The parallel with Cassandra suggests the centrality of this critical moment: in Agamemnon, her vision marks the climax of the action; in Macbeth, Banquo's appearance marks Macbeth's own conscious apprehension of the effects of breaking the "great bond," a violation which both concerns king killing and transcends it. In both examples, the vision brings together different temporalities: slight asynchronicity in Aeschylus and the inversion of time's progression with the return of the dead in Shakespeare. It also brings together different spaces: the inside and the outside of the royal house in Aeschylus and Seneca; the other world and this world in Shakespeare. In Seneca, which Shakespeare might have read in both Latin and John Studley's translation (firstly published individually in 1566 and then collected in Thomas Newton's 1581 Tenne Tragedies of Seneca), (58) Cassandra's vision is contemporaneous with the murder, which makes it closer to this scene, where what Macbeth sees is not Banquo's murder but his body showing the signs of his own killing. (59) Cassandra's vision opens on an ambiguous deictic marker ("eheu quid hoc est?"; "What thing is this?"), (60) which anticipates Macbeth's own question: "Which of you has done this?" (3.4.46; emphasis mine). Although in Seneca the vision does not produce a "split scene" commented upon or denied by other characters onstage, as in the case of the Elders of Argo in Aeschylus, Cassandra's elation at the fall of Argo's master and her shuddering at the horrendous sight of the murder prefigure Shakespeare's own dramatization of a knot of contrary passions, commingling joy and terror, in Macbeth:
anime, consurge et cape pretium furoris: vicimus victi Phryges. bene est, resurgit Troia; traxisti iacens, parens, Mycenas, terga dat victor tuus. tam clara numquam provide mentis furor ostendit oculis: video et intersum, furor; imago visus dubia non fallit meos: spectemus: (61) --horreo atque animo tremo: Get vp my soule, and of the rage auengmeent worthy craue: Though Phrygians wee bee vanquished, the victory we haue. The matter well is brought aboute: vp Troy thou rysest now, Thou flat on floore hast pulde down Greece, to ly as low as thou. Thy Conquerour doth turne his Face: my prophesying spright Did neuer yet disclose to mee so notable a sight: It makes mee lothe, that shiuering heere I stande. (62)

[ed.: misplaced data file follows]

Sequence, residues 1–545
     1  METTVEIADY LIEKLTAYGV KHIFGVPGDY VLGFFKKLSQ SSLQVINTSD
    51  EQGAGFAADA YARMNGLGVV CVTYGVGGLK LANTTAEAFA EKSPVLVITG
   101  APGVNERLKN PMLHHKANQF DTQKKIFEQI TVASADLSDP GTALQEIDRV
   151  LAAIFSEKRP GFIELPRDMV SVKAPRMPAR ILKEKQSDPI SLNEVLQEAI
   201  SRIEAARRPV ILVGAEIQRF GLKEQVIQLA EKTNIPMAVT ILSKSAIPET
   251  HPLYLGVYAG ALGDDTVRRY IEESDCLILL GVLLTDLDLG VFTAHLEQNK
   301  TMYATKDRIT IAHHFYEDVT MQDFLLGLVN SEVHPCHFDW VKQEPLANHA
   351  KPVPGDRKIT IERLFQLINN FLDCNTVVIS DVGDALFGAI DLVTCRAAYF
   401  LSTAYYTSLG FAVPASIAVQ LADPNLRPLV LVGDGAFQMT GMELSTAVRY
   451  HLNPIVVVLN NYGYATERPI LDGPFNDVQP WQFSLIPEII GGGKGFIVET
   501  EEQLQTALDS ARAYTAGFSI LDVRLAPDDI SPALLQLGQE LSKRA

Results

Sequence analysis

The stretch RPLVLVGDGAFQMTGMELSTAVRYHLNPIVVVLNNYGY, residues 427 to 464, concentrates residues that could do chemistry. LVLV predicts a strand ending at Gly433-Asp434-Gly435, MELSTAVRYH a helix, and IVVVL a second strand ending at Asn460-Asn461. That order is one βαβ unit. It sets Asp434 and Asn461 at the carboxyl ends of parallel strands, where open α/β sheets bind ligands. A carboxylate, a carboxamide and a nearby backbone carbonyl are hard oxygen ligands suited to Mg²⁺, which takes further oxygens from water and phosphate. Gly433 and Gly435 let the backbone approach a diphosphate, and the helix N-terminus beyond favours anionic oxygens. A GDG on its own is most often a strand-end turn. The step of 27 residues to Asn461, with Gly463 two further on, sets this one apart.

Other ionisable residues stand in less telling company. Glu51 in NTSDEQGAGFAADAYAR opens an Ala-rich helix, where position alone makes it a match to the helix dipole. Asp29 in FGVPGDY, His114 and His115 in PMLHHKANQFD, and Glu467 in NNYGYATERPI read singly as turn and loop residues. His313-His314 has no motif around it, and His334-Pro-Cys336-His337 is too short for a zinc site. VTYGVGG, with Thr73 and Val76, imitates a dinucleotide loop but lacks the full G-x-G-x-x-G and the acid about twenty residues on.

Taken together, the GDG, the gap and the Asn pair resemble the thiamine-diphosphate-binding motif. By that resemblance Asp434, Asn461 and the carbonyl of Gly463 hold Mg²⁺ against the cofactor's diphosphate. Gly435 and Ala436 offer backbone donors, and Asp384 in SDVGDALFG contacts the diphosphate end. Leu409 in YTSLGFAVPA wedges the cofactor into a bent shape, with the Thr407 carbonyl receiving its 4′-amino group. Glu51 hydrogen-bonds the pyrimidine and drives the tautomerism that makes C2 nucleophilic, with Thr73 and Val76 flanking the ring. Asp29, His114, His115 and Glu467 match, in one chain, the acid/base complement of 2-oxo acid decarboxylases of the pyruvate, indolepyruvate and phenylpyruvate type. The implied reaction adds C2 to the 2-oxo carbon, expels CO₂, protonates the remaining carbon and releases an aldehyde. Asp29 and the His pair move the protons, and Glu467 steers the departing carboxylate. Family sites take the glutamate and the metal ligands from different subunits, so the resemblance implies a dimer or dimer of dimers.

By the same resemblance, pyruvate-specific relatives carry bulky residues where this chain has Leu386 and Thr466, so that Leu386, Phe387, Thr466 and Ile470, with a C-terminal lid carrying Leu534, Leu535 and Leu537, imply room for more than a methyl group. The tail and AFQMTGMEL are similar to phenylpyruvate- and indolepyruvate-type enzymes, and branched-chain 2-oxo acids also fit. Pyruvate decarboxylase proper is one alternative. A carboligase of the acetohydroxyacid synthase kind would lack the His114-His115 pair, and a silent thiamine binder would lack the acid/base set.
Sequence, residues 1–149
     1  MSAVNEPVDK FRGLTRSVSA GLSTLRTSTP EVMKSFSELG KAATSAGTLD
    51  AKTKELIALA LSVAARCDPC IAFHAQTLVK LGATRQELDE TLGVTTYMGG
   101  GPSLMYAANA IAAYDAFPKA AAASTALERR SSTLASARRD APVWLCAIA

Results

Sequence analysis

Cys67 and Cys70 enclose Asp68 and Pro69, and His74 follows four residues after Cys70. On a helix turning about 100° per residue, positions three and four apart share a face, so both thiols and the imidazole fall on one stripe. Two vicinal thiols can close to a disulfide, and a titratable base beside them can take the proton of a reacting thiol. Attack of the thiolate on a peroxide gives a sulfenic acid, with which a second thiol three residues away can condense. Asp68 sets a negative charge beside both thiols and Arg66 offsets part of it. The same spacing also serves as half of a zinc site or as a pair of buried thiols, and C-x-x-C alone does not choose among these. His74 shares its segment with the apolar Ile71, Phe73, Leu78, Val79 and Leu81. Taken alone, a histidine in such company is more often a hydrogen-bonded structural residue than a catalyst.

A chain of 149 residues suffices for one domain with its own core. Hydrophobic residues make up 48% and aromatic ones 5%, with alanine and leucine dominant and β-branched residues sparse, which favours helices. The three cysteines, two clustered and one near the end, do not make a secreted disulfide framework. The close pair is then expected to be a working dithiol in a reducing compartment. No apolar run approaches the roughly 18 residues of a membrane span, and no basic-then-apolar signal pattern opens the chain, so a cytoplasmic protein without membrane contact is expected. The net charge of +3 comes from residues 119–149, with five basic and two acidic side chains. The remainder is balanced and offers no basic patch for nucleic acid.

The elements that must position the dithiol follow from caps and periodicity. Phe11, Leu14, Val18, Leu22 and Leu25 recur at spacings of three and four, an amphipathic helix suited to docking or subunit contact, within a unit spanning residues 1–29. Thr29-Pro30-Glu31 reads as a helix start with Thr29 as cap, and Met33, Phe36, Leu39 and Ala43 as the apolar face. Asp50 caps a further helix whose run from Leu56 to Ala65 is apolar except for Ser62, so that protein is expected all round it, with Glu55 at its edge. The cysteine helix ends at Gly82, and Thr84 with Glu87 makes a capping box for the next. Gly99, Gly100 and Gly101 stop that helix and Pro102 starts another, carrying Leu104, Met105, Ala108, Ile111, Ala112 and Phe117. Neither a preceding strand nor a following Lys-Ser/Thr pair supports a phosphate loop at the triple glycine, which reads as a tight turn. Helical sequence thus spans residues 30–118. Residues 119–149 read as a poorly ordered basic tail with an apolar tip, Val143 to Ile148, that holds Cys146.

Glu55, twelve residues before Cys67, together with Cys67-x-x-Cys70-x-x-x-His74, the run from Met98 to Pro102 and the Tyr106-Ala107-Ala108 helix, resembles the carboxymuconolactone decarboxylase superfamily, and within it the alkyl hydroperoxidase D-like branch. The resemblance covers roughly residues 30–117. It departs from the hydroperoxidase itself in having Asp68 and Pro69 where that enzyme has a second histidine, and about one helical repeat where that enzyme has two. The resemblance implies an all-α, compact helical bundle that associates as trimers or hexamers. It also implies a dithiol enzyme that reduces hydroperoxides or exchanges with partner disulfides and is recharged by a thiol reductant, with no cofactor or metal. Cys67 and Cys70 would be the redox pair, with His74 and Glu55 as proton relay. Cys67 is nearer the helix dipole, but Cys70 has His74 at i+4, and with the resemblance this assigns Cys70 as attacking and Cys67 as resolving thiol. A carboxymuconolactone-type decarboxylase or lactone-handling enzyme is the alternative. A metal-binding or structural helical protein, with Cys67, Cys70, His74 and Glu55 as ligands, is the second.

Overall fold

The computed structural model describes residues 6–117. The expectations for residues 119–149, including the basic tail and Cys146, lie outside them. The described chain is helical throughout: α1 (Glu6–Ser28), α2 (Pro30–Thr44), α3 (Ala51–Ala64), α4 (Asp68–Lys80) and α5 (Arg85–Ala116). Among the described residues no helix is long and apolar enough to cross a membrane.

The macabre details of Cassandra's vision anticipate Banquo's own macabre appearance, while Macbeth's horrified comment on his "shak[ing] / [his] gory locks at [him]" (3.4.47-48), (63) translating into words Banquo's silent accusation, discloses the unseen scene of his murder to the hearers, precisely as Cassandra discloses that of Agamemnon to the audience.
The deed has been done: "peractum est," "dispatched it is;" these are the two expressions that in Seneca and Studley firmly state the completion of the action, suggesting a curious echo in Macbeth's "Is he dispatched?" addressed to the murderers in the same scene (3.4.13):
Res agitur intus magna, par annis decern. Eheu quid hoc est? armat bipenni Tyndaris dextram furens, qualisque ad aras colla taurorum popa designat oculis antequam ferro petat, sic huc et illuc impiam librat manum. Habet, peractum est. Pendet exigua male caput amputatum parte et hinc trunco cruor exundat, illic ora cum fremitu iacent. Nondum recedunt: ille iam exanimem petit laceratque corpus, illa fodientem adiuvat. Uterque tanto scelere respondet suis: est hil Thyeste gnatus, haec Helenae soror. (64) Within a reuell rexe is kept, as sore as euer was, Eueen at the ten yeares seige of Troy: What thing is this? (alas) But furious Tyndaris preparde the Pollaxe in her hande, And as the priest to sacrifice at Th'alter side doth stande, And vewes with eye the Bullockes necke, eare that with Axe he smite, So to and fro shee heaues her hand to stryke and leauell right. He hath the stroke: dispatcht it is: not quite chopt of the head It hangeth by a litle crop: heere from the Carkasse dead The spouting bloude came gusshing out: and there the head doth lye, With wallowing, hobbling, mumbling tongue: nor they do by and bye Forsake him so: the breathlesse coarse Aegist doth all to coyle: And mangled hath the gasshed corpes: whyle thus hee doth him spoyle, She putteth to her helping hand: by detestable deede. They both accorde vnto the kynde, whereof they doe proceede. Dame Helens Syster right shee is, and hee Thyestes sonne. (65)